Greater knowledge of how the human body works and data gathering has proven the link between obesity and poor health. Obesity has been identified as the second biggest cause of preventable death in America and over sixty million Americans over the age of twenty are classified as obese. In addition, in excess of nine million children and teens over the age of six are overweight. Increasingly sedentary lifestyles and unhealthy food choices are big contributors to the current situation but simple changes can reverse the trend towards increasing levels of obesity in society.
Obesity is caused by a periodic excess of calories taken on by the body over calories expended. Lifestyle choices can be amended to make small differences to calorie intake or to the amount of calories used during a day. Depending upon the calorie deficit that needs to be overcome, an individual can soon create the combined calorie changes required to actively reduce obesity and increase fitness levels.
The obesity problem can be tackled in two different ways: by reducing calories or by increasing exercise levels. This means that there are many options open to individuals seeking to make positive lifestyle choices. There are other routes to improved levels of fitness which are not directly linked to calorific intake such as not smoking, eating less salt and ensuring that nine different fruits and vegetable types are eaten on a daily basis.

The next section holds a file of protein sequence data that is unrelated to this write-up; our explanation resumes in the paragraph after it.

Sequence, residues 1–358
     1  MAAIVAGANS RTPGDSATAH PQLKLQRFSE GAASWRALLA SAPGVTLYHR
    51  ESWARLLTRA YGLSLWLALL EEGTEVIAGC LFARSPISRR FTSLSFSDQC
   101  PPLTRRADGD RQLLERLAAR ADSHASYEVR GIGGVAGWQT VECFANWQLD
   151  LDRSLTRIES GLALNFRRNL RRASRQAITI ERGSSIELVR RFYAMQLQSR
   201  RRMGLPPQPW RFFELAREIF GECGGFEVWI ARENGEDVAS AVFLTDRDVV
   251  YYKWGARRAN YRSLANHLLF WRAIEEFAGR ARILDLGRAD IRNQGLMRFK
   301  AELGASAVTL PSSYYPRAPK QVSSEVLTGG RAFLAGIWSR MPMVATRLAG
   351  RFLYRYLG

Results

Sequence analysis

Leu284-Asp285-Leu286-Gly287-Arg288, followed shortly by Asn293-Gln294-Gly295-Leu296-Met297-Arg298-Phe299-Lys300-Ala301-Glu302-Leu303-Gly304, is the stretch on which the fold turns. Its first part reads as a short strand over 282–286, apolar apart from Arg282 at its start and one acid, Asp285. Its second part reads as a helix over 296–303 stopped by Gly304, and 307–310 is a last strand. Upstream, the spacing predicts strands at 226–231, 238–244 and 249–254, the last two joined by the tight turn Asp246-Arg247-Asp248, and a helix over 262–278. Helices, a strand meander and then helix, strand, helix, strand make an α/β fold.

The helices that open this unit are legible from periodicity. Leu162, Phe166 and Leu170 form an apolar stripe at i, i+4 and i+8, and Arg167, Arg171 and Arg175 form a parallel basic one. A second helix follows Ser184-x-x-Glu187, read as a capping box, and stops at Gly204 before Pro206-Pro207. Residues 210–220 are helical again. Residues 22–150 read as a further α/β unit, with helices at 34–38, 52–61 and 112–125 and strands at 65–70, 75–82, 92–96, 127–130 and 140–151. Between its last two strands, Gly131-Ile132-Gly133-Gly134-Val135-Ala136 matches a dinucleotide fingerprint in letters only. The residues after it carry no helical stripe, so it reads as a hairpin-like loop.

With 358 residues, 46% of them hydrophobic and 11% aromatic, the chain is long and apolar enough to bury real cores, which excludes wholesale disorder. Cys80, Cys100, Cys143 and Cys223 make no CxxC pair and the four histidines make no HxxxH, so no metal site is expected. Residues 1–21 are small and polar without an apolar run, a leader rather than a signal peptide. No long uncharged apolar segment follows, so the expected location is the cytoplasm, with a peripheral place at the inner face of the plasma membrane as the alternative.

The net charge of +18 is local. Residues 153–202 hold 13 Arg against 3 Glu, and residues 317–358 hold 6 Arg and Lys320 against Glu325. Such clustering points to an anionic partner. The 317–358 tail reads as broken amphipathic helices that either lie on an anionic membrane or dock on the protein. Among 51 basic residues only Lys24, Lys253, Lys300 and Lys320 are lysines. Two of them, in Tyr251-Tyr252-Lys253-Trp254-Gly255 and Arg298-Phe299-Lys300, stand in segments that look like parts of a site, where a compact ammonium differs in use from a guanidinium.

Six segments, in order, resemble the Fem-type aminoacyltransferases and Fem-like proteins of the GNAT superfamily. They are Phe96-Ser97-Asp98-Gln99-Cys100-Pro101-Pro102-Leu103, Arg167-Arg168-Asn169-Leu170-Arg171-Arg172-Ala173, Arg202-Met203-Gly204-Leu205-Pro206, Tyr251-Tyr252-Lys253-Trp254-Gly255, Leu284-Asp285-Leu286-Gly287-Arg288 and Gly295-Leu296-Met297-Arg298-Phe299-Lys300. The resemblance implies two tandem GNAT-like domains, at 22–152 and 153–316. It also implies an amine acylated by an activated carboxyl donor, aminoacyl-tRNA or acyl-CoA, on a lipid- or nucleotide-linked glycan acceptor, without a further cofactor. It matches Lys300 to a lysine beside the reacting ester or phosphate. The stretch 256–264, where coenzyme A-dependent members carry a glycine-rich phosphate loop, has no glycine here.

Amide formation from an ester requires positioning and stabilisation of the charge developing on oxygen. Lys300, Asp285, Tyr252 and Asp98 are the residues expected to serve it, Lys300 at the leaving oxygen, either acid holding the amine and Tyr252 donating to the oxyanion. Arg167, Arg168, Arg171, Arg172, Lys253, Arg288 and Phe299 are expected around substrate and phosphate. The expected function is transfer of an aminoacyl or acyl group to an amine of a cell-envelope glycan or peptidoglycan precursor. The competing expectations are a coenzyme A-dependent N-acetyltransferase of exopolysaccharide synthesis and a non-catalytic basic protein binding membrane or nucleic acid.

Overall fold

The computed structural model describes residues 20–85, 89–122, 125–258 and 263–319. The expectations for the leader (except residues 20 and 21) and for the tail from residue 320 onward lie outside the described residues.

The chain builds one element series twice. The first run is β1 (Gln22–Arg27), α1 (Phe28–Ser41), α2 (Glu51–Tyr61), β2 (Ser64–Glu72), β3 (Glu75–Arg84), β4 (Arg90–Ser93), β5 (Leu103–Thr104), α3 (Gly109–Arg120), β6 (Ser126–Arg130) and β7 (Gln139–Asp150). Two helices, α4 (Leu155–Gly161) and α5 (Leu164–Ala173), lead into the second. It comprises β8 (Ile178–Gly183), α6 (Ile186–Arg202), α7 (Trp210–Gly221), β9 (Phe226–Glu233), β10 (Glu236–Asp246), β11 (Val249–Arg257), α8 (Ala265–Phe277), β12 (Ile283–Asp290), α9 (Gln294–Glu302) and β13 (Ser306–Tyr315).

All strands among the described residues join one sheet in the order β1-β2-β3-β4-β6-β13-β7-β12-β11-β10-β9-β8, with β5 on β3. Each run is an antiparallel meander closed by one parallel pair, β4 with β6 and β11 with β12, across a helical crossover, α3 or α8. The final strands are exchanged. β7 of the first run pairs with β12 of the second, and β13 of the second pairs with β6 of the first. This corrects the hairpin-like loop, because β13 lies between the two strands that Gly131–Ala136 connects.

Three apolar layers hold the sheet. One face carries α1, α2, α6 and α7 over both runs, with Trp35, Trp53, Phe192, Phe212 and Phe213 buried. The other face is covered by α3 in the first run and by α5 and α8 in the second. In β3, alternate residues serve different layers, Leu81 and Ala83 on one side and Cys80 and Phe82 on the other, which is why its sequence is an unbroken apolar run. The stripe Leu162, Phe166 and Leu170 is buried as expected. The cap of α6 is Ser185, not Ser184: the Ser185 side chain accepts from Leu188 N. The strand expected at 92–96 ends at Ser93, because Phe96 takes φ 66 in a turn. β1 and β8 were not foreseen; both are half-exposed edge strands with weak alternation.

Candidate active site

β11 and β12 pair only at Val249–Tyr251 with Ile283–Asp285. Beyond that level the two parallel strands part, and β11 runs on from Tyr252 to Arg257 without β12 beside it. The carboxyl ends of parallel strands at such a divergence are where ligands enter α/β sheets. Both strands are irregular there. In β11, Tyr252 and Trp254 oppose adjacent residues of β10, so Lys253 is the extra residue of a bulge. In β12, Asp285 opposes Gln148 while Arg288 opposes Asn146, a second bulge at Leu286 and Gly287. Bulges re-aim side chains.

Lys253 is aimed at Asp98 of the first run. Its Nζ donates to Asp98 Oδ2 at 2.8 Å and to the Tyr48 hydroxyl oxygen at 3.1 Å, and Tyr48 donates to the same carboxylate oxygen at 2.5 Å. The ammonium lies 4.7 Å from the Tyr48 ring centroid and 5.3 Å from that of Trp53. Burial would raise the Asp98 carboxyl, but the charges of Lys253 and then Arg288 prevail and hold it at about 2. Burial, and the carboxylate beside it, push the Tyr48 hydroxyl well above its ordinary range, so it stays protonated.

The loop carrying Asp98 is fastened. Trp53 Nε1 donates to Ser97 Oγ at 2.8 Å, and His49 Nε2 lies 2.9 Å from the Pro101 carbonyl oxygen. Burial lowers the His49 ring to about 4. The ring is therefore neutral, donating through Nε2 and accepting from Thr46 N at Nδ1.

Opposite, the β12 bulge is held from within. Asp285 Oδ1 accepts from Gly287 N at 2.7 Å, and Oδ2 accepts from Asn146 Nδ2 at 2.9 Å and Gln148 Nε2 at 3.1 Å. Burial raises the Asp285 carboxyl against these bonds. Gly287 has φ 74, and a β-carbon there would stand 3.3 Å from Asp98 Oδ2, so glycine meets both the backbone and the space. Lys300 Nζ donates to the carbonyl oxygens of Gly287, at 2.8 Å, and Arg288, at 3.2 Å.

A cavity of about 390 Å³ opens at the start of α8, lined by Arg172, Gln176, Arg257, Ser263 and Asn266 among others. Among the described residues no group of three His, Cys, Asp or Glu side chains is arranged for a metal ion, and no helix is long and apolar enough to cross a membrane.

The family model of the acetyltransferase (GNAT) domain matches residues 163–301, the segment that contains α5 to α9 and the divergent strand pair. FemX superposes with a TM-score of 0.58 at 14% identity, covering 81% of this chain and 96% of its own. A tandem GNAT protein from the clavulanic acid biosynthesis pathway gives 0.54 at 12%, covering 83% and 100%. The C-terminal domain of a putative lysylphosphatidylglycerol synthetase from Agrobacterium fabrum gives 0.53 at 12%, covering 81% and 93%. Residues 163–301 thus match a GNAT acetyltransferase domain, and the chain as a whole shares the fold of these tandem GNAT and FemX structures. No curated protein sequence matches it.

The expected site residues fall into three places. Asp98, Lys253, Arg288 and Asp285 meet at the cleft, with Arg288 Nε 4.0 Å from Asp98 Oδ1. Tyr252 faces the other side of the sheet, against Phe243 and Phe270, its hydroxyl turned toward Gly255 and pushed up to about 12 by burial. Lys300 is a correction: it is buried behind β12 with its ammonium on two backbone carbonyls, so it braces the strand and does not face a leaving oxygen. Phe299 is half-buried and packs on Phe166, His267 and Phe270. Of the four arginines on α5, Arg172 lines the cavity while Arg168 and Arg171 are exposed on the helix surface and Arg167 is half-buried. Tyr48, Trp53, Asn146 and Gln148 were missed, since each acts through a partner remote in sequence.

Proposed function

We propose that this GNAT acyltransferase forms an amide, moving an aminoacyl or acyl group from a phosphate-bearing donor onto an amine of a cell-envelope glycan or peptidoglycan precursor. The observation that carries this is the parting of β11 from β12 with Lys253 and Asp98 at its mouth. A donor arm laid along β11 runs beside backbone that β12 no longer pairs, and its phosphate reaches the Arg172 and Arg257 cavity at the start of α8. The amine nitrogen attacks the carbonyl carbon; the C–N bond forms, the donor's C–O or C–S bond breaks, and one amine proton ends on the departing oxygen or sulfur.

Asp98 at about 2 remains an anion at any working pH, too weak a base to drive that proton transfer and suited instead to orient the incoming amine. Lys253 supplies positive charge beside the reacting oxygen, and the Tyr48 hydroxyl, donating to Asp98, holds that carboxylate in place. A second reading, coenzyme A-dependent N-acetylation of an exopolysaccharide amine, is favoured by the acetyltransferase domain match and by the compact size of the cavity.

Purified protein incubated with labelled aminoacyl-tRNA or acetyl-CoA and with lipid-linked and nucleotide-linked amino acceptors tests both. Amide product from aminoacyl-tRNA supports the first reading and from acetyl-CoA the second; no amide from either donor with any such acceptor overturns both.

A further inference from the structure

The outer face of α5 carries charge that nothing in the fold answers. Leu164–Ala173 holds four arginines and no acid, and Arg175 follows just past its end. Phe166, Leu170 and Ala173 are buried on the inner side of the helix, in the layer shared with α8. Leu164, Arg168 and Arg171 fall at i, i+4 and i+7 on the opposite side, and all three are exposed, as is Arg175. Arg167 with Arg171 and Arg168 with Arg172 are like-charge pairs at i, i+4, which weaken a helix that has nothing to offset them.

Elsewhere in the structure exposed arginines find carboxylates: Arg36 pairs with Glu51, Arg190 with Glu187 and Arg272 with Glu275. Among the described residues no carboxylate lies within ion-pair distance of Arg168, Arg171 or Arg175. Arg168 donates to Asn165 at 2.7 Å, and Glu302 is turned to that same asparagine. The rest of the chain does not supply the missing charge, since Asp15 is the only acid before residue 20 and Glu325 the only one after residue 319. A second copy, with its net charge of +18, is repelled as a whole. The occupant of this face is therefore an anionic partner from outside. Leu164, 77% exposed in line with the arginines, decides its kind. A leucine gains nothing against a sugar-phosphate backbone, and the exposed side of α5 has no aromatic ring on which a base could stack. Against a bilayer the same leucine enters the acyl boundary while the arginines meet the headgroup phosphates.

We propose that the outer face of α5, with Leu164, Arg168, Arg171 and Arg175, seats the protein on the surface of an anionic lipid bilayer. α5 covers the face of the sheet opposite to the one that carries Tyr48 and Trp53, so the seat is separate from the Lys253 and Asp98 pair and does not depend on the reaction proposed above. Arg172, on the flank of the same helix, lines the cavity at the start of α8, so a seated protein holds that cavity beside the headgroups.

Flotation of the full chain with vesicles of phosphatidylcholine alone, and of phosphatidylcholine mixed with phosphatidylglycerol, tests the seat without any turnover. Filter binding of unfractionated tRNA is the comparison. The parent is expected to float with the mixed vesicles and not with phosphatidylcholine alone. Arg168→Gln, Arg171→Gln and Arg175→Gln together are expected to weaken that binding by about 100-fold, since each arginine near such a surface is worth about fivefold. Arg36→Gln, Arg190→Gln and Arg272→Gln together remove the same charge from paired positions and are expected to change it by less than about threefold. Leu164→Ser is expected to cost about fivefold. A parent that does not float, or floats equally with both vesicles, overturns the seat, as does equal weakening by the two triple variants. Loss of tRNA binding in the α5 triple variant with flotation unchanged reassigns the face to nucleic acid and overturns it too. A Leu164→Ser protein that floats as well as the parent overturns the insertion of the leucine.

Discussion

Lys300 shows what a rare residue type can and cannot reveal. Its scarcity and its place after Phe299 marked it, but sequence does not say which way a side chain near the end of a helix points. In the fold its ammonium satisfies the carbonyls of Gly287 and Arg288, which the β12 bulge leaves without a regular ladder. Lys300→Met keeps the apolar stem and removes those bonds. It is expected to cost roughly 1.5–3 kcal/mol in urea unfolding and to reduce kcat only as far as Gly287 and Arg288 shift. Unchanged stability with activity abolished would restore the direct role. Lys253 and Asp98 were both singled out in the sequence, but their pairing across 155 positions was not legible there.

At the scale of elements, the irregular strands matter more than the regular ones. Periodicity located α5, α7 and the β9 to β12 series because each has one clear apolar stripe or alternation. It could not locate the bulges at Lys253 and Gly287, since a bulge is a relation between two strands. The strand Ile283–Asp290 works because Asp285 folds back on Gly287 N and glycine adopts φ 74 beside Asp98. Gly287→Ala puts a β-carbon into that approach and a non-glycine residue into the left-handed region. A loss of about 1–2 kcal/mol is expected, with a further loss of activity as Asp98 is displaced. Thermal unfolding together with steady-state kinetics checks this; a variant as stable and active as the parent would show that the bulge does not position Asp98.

How To Make A Change
Many people are so set in their ways that they find it difficult to change existing behaviors. Anyone is capable of making a positive choice but daily routines often blur the route to a healthier lifestyle. Daily domestic routines and work commitments can make individuals time poor and this is often when choices are made to take the automobile a short distance that could be reached by walking, or to eat a sugary snack when a piece of fruit may provide the required amount of energy to overcome an energy dip. People become accustomed to making negative choices and to those around them behaving in a similar way. This validates the lifestyle decisions that are taken. Lifestyle changes are not always sustainable if they are dramatically introduced, particularly after a long period of neglect. It may be a step too far for an individual with an dislike of fruit and vegetables to suddenly eat nine portions a day so, whilst this may be an optimal amount, it might be appropriate for someone to adopt a target of eating just one more portion a day. When this is achieved with ease, the target can be stepped up. The important thing is that the person making the change feels comfortable with doing so and is not put under instant pressure. Just eating one additional portion a day can cut the risk of premature death by twenty per cent.
Small Steps Lead To Big Changes